Imagine drainage pipes that mimic the digestive system of an earthworm to keep fertilizers in fields and out of waterways. Or a smartphone app that sorts out the logistics of sharing and selling farm equipment based on the self-organizing principles that allow ant colonies to make “wisdom of the crowd” decisions. Or a cheap solar desalination system inspired by the mangrove tree.
These are a few of the inventions that have made it to the final round of the Biomimicry Global Design Challenge, which focused on food this year. (Grist was a partner and helped spread the word). People came up with some great ideas that use biomimicry to help feed the world without wrecking it. Biomimicry seeks to solve problems by looking to the natural world to see how evolution has dealt with similar problems.
The Biomimicry Institute just announced its eight finalists. Here are my four favorites.
Self-filtering drainage pipes
Team Penthouse Protozoa, Oregon, USA
The problem: Lots of fertilizer, both organic and synthetic, washes out of farmland and into rivers. It changes habitats, hurts the fishing industry, and sometimes poisons drinking water. This is especially problematic in the parts of the world that get the most rain. While farmers in the arid western U.S. have to pipe water onto their fields, farmers in the soggier regions of the Midwest often have to install pipes to drain water out of their fields, so crops don’t drown in waterlogged soil. These drainage systems help dry out fields, but they also provide an easy way for fertilizers to flow into creeks.
The solution: A layered pipe inspired by the workings of an earthworm’s stomach and a human being’s small intestine — it allows water in, but keeps nutrients out.
Reality check: Often, the more effective the filter gets, the less fluid gets through. To sell this to farmers, the inventors will have to prove that the pipe works well for its primary purpose: draining fields. They will also have to figure out how to make it cheaply enough to be affordable. On the plus side, farmers will save money on fertilizers if they keep more nutrients in the soil. And farmers are already spending money experimenting with biofilters and cover crops as pressure mounts to clean up fertilizer pollution.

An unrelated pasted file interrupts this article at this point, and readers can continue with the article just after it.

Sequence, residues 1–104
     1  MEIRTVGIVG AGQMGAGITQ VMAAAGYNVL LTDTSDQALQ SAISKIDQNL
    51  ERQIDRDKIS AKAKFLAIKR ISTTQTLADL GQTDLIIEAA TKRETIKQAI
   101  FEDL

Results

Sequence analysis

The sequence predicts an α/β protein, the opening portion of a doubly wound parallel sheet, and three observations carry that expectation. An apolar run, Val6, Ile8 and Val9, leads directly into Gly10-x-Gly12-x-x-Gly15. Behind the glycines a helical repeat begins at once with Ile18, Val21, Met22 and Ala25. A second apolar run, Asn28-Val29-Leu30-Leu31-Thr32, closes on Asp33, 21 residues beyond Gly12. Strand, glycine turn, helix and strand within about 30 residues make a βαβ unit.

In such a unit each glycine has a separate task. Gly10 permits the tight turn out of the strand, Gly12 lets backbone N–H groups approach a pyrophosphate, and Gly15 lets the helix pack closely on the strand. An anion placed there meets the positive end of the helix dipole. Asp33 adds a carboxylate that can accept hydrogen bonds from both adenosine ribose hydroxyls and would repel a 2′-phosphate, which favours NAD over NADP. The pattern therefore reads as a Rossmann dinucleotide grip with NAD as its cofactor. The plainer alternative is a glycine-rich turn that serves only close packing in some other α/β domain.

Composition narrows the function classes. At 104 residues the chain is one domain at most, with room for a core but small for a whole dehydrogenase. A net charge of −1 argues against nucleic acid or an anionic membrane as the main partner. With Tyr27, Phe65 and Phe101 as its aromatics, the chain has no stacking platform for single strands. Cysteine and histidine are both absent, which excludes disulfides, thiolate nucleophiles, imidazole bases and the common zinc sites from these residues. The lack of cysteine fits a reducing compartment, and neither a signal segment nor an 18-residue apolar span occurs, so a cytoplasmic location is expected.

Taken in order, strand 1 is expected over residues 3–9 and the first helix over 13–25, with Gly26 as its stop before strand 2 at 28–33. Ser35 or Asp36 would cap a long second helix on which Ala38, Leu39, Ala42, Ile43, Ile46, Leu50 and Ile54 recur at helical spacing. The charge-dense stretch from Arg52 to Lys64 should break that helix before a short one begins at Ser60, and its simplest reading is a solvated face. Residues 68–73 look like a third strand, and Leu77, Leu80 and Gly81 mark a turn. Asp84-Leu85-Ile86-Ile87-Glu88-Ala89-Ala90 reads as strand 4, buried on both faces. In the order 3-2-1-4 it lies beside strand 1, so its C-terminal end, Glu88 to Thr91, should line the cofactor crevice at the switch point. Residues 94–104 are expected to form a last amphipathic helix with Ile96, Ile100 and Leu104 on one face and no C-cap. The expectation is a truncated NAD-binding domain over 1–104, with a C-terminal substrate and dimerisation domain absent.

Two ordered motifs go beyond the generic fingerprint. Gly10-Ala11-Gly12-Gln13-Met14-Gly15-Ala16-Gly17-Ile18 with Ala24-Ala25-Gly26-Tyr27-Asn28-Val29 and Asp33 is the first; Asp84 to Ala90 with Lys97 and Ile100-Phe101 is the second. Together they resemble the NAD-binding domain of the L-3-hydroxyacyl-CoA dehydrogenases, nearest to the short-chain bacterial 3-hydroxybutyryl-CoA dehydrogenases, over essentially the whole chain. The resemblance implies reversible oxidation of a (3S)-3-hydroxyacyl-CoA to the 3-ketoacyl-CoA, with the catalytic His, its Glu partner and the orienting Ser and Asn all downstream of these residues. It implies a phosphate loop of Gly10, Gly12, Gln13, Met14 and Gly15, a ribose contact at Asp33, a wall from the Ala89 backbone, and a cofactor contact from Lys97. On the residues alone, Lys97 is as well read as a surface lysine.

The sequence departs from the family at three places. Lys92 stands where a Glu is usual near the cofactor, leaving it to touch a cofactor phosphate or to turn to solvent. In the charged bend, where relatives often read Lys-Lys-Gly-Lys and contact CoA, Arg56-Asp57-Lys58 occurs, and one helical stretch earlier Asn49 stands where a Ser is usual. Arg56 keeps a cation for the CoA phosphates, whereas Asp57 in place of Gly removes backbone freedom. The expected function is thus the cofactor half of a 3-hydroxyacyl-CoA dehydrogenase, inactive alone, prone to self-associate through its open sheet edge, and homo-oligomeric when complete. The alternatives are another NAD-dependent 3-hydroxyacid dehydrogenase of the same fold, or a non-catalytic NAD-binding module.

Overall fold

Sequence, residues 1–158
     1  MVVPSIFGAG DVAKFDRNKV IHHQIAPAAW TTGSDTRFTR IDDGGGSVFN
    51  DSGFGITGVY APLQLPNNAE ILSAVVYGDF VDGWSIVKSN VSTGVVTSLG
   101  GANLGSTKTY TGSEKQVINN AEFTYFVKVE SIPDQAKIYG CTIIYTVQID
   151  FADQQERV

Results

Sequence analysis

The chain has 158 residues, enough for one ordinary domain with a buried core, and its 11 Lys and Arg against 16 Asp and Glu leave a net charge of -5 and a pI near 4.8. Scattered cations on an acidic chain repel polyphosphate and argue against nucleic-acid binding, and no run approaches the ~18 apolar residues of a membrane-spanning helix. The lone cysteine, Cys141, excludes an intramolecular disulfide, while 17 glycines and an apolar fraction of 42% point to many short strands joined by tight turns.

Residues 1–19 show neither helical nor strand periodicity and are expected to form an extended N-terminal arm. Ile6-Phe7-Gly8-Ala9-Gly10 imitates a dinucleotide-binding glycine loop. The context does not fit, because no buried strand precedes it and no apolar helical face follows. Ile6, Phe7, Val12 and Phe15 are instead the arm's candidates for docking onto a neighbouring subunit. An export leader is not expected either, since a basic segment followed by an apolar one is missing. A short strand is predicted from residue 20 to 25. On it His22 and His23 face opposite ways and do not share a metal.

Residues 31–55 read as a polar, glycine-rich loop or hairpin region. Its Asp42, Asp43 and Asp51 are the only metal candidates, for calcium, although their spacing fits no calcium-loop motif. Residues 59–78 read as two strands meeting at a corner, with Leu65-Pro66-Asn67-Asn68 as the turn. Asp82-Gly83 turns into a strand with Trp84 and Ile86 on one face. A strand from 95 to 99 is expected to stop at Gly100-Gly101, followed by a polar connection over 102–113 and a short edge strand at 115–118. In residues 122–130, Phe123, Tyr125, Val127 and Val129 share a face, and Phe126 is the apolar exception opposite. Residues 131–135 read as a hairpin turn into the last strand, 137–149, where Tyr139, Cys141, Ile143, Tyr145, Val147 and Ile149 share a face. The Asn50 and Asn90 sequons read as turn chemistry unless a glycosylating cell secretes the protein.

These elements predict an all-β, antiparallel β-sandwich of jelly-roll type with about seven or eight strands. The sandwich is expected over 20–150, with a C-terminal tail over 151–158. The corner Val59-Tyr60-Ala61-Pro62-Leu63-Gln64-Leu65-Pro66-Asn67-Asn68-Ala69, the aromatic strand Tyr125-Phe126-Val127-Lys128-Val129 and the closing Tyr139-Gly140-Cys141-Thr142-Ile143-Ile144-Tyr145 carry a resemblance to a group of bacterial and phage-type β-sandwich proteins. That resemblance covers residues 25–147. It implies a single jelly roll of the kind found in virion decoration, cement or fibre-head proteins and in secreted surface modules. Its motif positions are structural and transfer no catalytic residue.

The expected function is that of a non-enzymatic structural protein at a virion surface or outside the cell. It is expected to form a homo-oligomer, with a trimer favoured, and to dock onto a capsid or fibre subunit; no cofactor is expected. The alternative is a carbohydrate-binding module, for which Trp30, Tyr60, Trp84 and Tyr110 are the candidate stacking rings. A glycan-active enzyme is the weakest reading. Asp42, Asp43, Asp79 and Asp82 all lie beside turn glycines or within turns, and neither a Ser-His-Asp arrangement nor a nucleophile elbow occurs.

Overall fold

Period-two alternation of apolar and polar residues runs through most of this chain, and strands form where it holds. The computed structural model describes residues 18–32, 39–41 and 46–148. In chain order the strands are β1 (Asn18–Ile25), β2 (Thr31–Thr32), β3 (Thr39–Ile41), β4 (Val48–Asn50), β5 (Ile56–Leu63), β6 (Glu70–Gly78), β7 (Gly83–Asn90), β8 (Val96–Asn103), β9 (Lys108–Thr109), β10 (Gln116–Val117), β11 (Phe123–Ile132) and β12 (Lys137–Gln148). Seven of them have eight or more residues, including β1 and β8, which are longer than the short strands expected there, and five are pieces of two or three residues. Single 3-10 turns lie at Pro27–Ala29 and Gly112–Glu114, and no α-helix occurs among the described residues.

A nurse for injured soils
Ceres Regional Center for Fruit and Vegetable Innovation, Valparaiso, Chile
The problem: Farmed soil often becomes compacted, and the dirt loses the spaces that allow for water flow. You also need spaces in soil for the development of biodiverse communities of bugs, fungi, and microbes. When soil turns into a solid mass, the crops growing in it can’t produce as much.
The solution: A sort of neonatal intensive care unit to reverse soil compaction based on the concept of the nurse plant, which provides shelter for other seedlings in a harsh environment, allowing them to get their start. The team designed a biodegradable dome that functions like a nurse plant in the wild. Farmers could place these “BioNurses” in parts of orchards where the soil has compacted, and they would foster plant growth that could open up and enrich the soil.
Reality check: I’d like to know how long it takes for natural remediation like this to improve soils. Also, farmers are often loath to let too many plants grow in their orchards because they want fertilizer to go to the trees (rather than getting sucked up by grasses).
A sharing-economy app
Holonic Integrated Produce Swarm, South Africa
The problem: Two problems here: First, farmers buy expensive farm equipment, then use those machines just a few times per year. And second, it’s time-consuming for farmers to find buyers for surplus farm products.
The solution: Tap the intelligence of swarms to turn individuals making small decisions into a self-organizing unit. Or, put more plainly, an app that reduces the logistics of sharing equipment and selling crops.
Reality check: We certainly need better systems to help farmers handle logistics, and there’s a lot of cool-sounding “wisdom of the crowd” stuff in this proposal. But it’s not clear to me that any of that is as cool in practice. It sounds like another internet marketplace like CropMobster or FarmLink.
Desalinization on the cheap
Team Planet, Italy
The problem: There’s plenty of water, but we can’t use most of it because it’s salty or polluted. Desalinization is expensive and takes a lot of energy. But if we had a cheaper method, it would be a great way to irrigate farmland near the coasts.
The solution: The team looked to mangroves growing in salt marshes for inspiration and came up with a solar still that is just as effective as existing models, but only one-fifth the cost.
Reality check: Water is weird. It is both incredibly valuable and incredibly cheap. Even in places where water is scarce, it’s often less expensive to buy water than to build and maintain water-saving technology. If this device works as well as advertised, I’m sure it will be useful in some areas — but will it be adopted widely? That depends on how cheap (and low-maintenance) it is.
The finalists will now enter a startup accelerator program as they try to bring these inventions to market. The ultimate winner gets a $100,000 prize. If you’re interested in this sort of thing, there’s another Biomimicry Global Design Challenge that’s just about to start, focusing once more on food production.